The Complaint further alleges that the Finance Companies hold all the documents signed by plaintiffs and have made demand for payments; that plaintiffs are not indebted to the Finance Companies; that the documents are not valid retail contracts of sale, and the notes are not negotiable notes and the Finance Companies are not holders in due course; that the plaintiffs informed the Finance Companies of the details of fraudulent conduct of the vending machine company defendants, but were told they were obligated to make payments whether they liked the machine or not and would garnishee their wages unless payments were made; that "Standard" did on numerous occasions deliver supplies to the vending machines and selected locations for the machines; that "Overland" maintained an office in the premises of defendant U.S. Beverage Dispensing Company and one of its officers stated they were a partner in that business; that complaints were made to "Overland" and that Overland knew of the fraudulent transactions, but continues to claim ownership as a holder in due course; that Robert White, an officer of "Overland" participated in the sale of machines involved and induced plaintiffs to execute additional documents. That plaintiffs are informed and believe and state upon information that the vending machine companies and the finance companies are owned and controlled by persons unknown to plaintiffs and whose interests should be disclosed. Wherefor the plaintiffs prayed that all the documents executed by plaintiffs be null and void etc. This count although designated "law" sounds in equity inasmuch as it seeks rescission and cancellation of contracts, with claim for damages for fraud and deceit.

In Count II, under the heading of Chancery, the matters in Count I are realleged. In addition plaintiffs charge that the finance companies threatened assignment of wages, confession of judgment and garnishment of wages and that each of the plaintiffs are gainfully employed and subject to immediate loss of employment; that their employment is a property right which is threatened and that they are without adequate remedy at law for the protection of their property right in employment. The plaintiffs prayed that the defendants be enjoined from serving any notice of wage assignment or taking any action by way of confession of judgment or wage deduction or any proceeding for collection of monies.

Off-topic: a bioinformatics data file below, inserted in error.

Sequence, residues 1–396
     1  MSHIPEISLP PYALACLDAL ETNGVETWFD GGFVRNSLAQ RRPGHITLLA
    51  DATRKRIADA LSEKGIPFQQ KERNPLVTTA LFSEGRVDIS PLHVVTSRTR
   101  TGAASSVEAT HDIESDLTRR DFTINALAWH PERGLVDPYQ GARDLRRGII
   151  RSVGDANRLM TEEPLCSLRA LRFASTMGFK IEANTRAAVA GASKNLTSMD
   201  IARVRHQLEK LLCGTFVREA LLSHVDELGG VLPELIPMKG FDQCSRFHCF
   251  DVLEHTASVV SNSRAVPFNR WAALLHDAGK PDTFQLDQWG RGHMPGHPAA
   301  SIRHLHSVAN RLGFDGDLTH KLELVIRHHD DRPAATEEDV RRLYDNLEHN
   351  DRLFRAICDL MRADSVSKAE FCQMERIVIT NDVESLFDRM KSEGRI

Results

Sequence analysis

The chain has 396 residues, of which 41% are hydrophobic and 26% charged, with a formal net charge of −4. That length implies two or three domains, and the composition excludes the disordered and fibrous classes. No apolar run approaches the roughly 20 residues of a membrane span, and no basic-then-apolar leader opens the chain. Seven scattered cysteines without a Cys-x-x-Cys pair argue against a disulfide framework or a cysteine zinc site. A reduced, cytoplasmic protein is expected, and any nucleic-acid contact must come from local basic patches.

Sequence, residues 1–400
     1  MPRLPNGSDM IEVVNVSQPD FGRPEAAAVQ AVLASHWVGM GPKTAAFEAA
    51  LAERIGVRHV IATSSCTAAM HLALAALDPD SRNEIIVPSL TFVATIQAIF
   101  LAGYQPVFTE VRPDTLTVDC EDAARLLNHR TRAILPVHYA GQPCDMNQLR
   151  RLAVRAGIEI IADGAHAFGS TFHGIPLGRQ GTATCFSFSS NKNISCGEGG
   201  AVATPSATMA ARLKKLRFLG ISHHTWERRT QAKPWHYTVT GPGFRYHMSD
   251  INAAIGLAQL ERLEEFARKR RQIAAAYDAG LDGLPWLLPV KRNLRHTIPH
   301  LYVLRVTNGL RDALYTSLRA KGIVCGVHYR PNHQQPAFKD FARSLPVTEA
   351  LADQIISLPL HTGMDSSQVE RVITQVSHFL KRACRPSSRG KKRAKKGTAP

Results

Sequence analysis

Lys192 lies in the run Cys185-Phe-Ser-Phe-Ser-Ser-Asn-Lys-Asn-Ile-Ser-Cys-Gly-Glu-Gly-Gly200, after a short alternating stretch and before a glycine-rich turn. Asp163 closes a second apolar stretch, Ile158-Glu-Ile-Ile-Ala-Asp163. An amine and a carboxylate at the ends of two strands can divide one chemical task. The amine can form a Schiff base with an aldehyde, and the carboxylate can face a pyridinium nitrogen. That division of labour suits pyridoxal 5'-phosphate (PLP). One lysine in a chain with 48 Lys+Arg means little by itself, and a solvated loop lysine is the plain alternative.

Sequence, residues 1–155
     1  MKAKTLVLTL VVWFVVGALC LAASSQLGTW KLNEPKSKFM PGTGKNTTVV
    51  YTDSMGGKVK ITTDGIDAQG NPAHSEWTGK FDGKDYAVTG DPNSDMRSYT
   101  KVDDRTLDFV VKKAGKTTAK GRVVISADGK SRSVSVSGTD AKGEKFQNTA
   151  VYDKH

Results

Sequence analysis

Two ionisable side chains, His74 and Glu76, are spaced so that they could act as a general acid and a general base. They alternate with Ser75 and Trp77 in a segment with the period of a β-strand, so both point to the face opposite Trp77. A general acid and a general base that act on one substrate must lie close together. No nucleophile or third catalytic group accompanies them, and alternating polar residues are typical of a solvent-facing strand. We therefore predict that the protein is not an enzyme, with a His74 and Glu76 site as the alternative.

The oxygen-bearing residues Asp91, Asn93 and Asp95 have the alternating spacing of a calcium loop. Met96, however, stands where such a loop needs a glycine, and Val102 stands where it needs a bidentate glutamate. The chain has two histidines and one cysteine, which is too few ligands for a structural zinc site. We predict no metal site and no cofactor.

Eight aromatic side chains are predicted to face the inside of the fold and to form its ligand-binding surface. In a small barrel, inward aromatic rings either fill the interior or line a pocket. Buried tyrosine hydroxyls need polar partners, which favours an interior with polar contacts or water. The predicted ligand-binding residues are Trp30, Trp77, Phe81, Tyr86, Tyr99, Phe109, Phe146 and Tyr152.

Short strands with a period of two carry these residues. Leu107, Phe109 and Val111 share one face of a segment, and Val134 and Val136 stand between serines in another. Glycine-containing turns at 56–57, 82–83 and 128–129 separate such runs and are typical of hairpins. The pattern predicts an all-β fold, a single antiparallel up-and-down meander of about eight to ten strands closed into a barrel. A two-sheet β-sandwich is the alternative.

The Court sustained the respective motions of defendants Finance Companies and dismissed the second amended complaint with prejudice. The plaintiffs did not request permission to amend, but elected to stand on the second amended complaint and the Chancellor found there was no just reason for delaying appeal.

The question raised by this appeal is whether the two causes of action joined together in one complaint state a cause of action and whether the complaint basically involves a common question of fact and law as would justify the Chancellor to permit the multiple plaintiffs and multiple defendants to be united in one complaint.

One of the grounds urged in the motion to dismiss was that the bill is multifarious. "To lay down any rule universally applicable as to multifariousness, or to say what constitutes multifariousness as an abstract proposition, is, under the authorities, utterly impossible." First Nat. Bank of Lincoln v. Starkey, 268 Ill. 22, 108 N.E. 695. The court went on to say: "[t]here is no settled and inflexible rule as to deciding whether pleading is multifarious. The question is one which must be determined largely by the circumstances of each particular case . . . [b]y multifariousness, says a noted author, is meant improperly joining in one bill distinct and independent matters and thereby confounding them."

The plaintiffs contend that multiple plaintiffs and defendants have been properly joined in accordance with Illinois Revised Statutes 1961, c 110, §§ 23 & 24, and that it would impose an insurmountable burden upon plaintiffs if each plaintiff was compelled to file an individual lawsuit.

In Opal v. Material Service Corp., 9 Ill. App.2d 433, 133 N.E.2d 733, Justice Friend speaking for the court, discusses the general question of joinder, including most of the cases cited by plaintiffs on that question as well as several Law Review Articles on the subject. Justice Friend concluded that an "[a]nalysis of the cases discloses the wide play for the court's judgment permitted by the common-question and same transaction clauses of the statute. Neither phrase has been or can be exactly defined, and whether a court holds that multiple claims involve common questions of law or of fact will depend upon the relative importance which the court attaches to the various issues in a case." (448)

The plaintiffs strongly rely on the case of Akely v. Kinnicutt, 238 N.Y. 466, 144 N.E. 682. In that case 193 plaintiffs joined in a complaint alleging that the defendants had fraudulently induced each of them to purchase stock at a price much greater than its real value. Although the plaintiffs bought the stocks individually they claimed that they were all induced to purchase the shares by a public prospectus which misrepresented the assets and liabilities of the company. The New York Court of Appeals held ...